Next week, the Centre for Media Monitoring publishes its report on ‘British Media Coverage of Muslims and Islam 2018-2020’. Its launch webinar will be addressed by, among others, Mark Easton of the BBC, Alison Phillips, editor-in-chief of the Mirror, and Emma Tucker, editor of the Sunday Times. The CfMM, run by Miqdaad Versi, is a project of the Muslim Council of Britain (MCB) which, though arguing there is no one Islam, tries to insist that all media coverage of the subject must have its approval.
The MCB’s stance is much more Islamist (i.e. advocating political Islam) than that of most Muslims, but it tries to act as gatekeeper for all media access to Islam. Miqdaad devotes the CfMM’s energies to relentless complaints to the regulator Ipso and others about stories which expose iniquities involving Muslims. He lobbies for special treatment of Muslim subjects and claims group rights to take action against alleged discrimination in ways which would make a free press impossible. So why are representatives of the free press sharing his platform? This is particularly strange in the case of Emma Tucker, since Miqdaad has targeted Andrew Norfolk and Dominic Kennedy, two brave reporters on her sister paper, the Times, of which she was until recently the deputy editor. Norfolk, for example, incurred great hostility for his exposure of the sexual exploitation of young girls in Rotherham by Muslim men of Pakistani heritage.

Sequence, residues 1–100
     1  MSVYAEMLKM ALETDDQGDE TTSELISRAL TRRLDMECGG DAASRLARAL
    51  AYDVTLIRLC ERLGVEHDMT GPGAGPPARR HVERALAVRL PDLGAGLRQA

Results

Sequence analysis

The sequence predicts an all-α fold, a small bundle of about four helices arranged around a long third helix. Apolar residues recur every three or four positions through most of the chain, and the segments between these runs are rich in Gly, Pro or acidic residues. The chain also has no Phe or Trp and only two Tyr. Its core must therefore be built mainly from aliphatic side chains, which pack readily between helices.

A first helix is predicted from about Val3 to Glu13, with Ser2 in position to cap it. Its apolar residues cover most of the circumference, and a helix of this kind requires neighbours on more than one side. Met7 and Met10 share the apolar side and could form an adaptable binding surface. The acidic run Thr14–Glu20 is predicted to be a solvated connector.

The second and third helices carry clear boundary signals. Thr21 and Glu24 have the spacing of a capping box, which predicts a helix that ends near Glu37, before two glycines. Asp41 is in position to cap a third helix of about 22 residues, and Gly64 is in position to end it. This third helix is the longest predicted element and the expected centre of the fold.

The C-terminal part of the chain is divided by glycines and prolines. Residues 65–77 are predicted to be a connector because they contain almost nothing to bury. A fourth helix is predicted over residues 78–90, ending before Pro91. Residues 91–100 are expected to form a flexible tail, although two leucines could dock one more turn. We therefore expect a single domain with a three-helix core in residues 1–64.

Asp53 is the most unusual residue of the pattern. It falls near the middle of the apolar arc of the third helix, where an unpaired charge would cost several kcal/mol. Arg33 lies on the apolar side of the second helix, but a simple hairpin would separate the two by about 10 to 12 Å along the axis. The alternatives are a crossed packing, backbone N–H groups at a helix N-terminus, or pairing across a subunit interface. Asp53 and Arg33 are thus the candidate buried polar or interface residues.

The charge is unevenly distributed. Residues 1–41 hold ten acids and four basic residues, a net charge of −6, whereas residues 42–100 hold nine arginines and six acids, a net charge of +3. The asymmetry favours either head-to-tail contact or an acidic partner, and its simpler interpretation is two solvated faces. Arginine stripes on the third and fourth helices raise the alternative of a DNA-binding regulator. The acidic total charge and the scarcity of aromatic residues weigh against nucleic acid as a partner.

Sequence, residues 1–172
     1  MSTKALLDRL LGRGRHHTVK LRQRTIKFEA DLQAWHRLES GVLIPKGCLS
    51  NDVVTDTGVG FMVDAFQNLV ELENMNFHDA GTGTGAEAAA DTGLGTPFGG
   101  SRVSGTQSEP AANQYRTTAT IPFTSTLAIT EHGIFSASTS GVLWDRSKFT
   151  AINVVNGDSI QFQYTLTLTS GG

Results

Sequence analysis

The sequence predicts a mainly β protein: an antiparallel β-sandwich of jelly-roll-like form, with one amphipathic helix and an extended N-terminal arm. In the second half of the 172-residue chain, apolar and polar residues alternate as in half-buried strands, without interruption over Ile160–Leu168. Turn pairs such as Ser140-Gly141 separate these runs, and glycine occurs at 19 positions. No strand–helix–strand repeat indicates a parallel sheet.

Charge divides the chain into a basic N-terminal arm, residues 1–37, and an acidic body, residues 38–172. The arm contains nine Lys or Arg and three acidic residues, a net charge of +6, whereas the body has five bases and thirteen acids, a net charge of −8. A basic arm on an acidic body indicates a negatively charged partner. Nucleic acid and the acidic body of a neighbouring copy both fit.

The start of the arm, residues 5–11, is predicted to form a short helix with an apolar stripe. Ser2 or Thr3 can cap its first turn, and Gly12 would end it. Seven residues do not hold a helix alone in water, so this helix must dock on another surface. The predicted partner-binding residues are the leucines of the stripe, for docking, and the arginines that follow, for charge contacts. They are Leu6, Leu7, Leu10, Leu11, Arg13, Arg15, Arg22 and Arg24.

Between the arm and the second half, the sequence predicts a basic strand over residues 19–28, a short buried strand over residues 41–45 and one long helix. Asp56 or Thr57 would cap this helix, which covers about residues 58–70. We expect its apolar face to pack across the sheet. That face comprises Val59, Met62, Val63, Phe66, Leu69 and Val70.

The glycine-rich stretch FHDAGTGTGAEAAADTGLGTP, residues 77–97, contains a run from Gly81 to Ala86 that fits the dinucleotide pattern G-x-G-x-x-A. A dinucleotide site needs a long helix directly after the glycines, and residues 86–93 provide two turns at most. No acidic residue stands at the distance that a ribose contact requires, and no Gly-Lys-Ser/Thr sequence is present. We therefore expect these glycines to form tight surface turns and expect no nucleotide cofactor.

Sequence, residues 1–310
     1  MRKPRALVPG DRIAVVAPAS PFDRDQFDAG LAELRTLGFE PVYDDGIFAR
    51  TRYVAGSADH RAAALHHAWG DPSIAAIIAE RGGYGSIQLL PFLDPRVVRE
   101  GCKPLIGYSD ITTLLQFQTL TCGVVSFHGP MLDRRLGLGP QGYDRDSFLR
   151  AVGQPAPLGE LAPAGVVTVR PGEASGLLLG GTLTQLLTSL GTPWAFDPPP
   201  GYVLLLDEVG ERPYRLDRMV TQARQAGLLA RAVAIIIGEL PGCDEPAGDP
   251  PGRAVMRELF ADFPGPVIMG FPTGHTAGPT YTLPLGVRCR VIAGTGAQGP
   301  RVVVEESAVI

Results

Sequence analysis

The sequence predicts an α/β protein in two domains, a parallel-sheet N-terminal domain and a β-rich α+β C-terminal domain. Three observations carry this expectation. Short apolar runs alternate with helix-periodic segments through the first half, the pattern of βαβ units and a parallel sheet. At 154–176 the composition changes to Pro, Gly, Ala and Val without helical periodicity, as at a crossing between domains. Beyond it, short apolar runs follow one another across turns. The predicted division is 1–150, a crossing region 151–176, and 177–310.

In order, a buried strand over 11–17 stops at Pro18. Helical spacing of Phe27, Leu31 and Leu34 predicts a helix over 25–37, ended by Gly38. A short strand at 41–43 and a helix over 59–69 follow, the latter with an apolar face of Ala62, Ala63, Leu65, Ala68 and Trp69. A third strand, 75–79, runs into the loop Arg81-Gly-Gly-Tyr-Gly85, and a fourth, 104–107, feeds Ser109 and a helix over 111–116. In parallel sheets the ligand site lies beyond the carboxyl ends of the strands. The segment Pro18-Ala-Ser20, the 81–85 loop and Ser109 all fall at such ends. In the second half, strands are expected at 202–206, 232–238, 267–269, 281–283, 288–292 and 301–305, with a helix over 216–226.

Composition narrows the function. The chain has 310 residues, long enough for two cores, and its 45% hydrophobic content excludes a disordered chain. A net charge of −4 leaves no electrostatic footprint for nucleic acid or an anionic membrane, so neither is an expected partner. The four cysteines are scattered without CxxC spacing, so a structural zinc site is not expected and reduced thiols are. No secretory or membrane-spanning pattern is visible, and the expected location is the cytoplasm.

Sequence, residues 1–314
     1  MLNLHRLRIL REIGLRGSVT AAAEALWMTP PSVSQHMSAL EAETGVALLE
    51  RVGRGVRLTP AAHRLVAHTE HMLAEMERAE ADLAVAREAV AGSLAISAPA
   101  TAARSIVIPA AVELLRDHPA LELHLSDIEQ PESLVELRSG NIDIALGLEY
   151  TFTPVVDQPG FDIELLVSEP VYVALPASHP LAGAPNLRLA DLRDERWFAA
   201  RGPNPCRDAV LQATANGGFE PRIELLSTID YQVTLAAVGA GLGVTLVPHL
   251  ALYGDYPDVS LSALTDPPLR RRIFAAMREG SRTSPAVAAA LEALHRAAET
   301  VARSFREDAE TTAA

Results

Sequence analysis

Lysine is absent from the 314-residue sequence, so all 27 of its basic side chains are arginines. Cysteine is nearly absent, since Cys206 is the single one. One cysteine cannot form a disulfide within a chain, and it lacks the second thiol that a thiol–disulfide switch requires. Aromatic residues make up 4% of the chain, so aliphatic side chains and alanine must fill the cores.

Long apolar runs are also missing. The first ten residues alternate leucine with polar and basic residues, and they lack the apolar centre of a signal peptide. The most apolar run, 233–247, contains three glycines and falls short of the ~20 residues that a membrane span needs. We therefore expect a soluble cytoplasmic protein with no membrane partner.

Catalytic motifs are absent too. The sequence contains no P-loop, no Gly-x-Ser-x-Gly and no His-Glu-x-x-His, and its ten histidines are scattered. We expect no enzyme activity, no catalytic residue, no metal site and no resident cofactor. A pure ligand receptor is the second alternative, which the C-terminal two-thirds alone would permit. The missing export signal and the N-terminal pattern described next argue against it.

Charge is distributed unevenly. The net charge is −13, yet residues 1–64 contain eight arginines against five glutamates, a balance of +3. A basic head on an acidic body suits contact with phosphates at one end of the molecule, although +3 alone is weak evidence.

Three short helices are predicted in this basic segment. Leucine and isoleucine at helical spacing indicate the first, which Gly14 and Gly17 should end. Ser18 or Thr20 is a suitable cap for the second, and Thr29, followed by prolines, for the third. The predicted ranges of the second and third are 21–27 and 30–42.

Muslims, like all believers nowadays, often have just cause for complaint about secular ignorance of their religion, but Miqdaad’s CfMM is something else — an unrepresentative attempt to decide what we are allowed to read about Islam and its followers.
This article originally appeared in this week's issue of The Spectator